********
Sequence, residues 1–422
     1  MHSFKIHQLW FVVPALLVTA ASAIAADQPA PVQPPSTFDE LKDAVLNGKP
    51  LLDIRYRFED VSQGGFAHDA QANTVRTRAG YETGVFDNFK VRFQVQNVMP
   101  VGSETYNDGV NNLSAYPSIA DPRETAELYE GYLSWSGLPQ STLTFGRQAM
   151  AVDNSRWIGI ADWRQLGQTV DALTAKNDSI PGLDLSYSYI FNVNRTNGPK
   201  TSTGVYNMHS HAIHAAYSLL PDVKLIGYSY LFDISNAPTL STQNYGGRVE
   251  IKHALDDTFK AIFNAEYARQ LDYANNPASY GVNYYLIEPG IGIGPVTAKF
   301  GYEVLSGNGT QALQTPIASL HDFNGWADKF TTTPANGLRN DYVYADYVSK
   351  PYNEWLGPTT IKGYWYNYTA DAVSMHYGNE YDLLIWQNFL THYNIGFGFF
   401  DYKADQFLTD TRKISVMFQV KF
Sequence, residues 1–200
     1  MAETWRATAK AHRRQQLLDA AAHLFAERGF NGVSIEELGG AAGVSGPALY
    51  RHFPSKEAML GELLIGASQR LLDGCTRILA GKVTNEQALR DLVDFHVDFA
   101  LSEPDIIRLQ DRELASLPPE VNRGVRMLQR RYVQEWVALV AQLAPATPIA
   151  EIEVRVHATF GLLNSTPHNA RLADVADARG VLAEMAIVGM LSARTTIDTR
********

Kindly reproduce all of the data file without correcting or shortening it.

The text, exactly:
Sequence, residues 1–422
     1  MHSFKIHQLW FVVPALLVTA ASAIAADQPA PVQPPSTFDE LKDAVLNGKP
    51  LLDIRYRFED VSQGGFAHDA QANTVRTRAG YETGVFDNFK VRFQVQNVMP
   101  VGSETYNDGV NNLSAYPSIA DPRETAELYE GYLSWSGLPQ STLTFGRQAM
   151  AVDNSRWIGI ADWRQLGQTV DALTAKNDSI PGLDLSYSYI FNVNRTNGPK
   201  TSTGVYNMHS HAIHAAYSLL PDVKLIGYSY LFDISNAPTL STQNYGGRVE
   251  IKHALDDTFK AIFNAEYARQ LDYANNPASY GVNYYLIEPG IGIGPVTAKF
   301  GYEVLSGNGT QALQTPIASL HDFNGWADKF TTTPANGLRN DYVYADYVSK
   351  PYNEWLGPTT IKGYWYNYTA DAVSMHYGNE YDLLIWQNFL THYNIGFGFF
   401  DYKADQFLTD TRKISVMFQV KF
Sequence, residues 1–200
     1  MAETWRATAK AHRRQQLLDA AAHLFAERGF NGVSIEELGG AAGVSGPALY
    51  RHFPSKEAML GELLIGASQR LLDGCTRILA GKVTNEQALR DLVDFHVDFA
   101  LSEPDIIRLQ DRELASLPPE VNRGVRMLQR RYVQEWVALV AQLAPATPIA
   151  EIEVRVHATF GLLNSTPHNA RLADVADARG VLAEMAIVGM LSARTTIDTR